First, from our cultural distance, it is evident that Kant's arguments against masturbation, for the return of wives to abusive husbands, etc., are gobbledy-gook. This should make us suspicious that there might be other parts of Kant, too, that are gobbledy-gook, for example, the stuff that transparently reads like gobbledy-gook, such as the transcendental deduction, and such as his claims that his various obviously non-equivalent formulations of the fundamental principle of morality are in fact "so many formulations of precisely the same law" (Groundwork, 4:436, Zweig trans.). I read Kant as a master at promising philosophers what they want and then thowing up a haze of words with glimmers enough of hope that readers can convince themselves that there is something profound underneath.Okay, well that's taking him down a notch! But now he draws conclusions about us.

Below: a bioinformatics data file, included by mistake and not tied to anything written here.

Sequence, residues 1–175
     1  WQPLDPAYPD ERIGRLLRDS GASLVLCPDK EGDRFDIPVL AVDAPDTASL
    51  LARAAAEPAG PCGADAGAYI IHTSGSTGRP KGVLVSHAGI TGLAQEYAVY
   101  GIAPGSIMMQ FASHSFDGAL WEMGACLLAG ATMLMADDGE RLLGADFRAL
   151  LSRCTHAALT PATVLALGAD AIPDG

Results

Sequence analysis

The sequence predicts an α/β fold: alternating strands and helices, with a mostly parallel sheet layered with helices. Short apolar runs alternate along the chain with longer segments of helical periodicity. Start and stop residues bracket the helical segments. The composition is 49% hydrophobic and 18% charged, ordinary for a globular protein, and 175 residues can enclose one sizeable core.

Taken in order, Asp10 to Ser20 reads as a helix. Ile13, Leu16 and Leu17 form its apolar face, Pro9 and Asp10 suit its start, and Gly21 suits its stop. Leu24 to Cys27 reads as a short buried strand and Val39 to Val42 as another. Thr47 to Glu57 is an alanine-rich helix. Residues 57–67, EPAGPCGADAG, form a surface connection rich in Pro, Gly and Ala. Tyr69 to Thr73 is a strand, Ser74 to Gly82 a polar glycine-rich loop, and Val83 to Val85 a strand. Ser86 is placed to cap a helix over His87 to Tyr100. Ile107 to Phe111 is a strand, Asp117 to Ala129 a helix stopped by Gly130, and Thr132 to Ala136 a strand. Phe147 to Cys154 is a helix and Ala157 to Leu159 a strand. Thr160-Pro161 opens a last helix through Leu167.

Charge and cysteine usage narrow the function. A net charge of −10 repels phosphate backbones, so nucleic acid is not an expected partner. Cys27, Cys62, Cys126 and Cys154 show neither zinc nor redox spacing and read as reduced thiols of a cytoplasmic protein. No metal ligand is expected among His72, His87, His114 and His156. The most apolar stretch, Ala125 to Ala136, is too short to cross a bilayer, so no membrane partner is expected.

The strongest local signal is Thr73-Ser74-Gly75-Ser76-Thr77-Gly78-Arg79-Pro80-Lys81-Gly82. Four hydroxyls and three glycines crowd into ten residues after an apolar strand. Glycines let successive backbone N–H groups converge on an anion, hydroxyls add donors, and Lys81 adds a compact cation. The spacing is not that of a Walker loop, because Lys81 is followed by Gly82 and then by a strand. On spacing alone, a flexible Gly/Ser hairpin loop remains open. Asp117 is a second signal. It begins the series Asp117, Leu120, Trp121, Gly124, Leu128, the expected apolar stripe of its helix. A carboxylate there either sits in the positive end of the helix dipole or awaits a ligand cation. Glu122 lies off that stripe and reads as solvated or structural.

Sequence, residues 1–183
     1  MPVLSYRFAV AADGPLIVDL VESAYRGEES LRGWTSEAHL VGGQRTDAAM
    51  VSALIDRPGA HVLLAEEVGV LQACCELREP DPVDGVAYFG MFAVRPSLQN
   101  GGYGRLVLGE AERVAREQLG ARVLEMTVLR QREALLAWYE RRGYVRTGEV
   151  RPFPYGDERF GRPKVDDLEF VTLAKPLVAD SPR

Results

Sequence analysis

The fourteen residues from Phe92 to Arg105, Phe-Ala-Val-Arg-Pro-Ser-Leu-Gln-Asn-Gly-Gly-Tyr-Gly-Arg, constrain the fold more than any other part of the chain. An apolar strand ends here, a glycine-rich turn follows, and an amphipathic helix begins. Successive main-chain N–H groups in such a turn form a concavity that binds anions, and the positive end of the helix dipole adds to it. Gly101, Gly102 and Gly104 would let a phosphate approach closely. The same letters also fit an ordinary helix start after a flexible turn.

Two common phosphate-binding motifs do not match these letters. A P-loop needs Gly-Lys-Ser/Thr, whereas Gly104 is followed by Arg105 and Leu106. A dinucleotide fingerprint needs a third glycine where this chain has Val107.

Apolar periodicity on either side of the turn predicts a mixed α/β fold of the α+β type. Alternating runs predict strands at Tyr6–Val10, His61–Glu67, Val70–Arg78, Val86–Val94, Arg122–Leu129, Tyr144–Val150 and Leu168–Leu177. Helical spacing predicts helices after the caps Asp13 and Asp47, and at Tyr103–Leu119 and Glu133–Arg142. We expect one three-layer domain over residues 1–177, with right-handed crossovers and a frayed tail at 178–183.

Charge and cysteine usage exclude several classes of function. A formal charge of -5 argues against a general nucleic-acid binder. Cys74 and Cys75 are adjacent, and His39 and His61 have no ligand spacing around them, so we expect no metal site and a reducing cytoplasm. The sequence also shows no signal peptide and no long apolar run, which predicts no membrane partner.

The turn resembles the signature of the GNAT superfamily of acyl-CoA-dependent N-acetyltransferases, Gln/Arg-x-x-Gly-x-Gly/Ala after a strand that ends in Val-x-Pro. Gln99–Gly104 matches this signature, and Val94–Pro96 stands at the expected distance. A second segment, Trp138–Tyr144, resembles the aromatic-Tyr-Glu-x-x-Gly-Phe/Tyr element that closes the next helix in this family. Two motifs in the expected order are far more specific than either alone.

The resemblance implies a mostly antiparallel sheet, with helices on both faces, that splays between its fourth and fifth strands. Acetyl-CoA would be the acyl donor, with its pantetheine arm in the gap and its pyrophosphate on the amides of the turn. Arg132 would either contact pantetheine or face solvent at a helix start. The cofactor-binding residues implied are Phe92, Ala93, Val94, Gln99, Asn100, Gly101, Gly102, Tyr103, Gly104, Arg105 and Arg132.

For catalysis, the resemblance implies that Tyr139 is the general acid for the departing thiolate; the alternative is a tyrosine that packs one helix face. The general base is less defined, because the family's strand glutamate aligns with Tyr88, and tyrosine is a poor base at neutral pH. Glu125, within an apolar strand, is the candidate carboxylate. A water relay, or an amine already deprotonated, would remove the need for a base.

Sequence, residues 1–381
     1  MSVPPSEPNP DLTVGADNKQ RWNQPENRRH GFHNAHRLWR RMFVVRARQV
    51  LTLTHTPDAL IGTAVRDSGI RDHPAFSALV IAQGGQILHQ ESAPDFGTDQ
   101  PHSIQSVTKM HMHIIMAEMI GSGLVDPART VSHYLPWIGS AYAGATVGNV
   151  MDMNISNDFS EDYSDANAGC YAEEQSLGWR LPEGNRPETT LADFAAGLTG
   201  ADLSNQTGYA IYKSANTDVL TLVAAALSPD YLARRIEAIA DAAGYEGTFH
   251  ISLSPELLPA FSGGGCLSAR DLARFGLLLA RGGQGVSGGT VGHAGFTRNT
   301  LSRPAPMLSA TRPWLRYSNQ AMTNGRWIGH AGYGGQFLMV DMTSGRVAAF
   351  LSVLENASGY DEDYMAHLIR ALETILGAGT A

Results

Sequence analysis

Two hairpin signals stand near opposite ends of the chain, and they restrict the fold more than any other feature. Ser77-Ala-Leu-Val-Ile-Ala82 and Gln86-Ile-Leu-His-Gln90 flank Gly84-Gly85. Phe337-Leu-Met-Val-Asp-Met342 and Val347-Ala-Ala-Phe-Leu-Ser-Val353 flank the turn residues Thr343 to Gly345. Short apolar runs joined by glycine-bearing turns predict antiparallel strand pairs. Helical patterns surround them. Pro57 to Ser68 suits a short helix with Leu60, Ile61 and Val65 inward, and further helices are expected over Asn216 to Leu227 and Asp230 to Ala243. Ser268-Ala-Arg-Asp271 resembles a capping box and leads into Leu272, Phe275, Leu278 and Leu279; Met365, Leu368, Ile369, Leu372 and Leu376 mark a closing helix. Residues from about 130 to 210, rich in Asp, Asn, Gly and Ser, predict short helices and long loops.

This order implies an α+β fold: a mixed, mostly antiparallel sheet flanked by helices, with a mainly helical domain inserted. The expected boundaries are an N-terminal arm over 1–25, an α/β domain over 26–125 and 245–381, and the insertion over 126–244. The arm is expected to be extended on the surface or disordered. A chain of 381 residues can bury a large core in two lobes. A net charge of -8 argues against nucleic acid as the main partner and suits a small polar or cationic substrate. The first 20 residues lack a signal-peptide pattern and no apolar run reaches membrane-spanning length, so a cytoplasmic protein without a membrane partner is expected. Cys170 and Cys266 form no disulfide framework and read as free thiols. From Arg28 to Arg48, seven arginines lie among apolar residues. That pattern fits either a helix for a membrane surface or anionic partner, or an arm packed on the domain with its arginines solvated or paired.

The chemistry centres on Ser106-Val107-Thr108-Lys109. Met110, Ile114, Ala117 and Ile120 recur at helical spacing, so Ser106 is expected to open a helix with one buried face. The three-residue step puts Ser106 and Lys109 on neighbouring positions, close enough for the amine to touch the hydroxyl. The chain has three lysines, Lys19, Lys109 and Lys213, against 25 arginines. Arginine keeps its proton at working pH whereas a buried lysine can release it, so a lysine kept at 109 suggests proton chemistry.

Second, we cannot expect ordinary people to be better philosophical moral reasoners than Kant. Kant's philosophical moral reasoning appears mainly to have confirmed his prejudices and the ideas inherited from his culture. Therefore, we should be nervous about expecting more from the philosophical moral reasoning of people less philosophically capable than Kant.Here's the thing, though. Kant is grandiose. You can practically hear the trumpets blaring in the background. There's a lot of systematizing and beholding the amazingness of mankind, and heavy breathing amid all the brilliance. Perhaps the trumpets etc. got in the way of clear thinking. So--take heart! When we're thinking more plainly about moral matters, it's not impossible that we do better than Kant, despite Kant being ... Kant.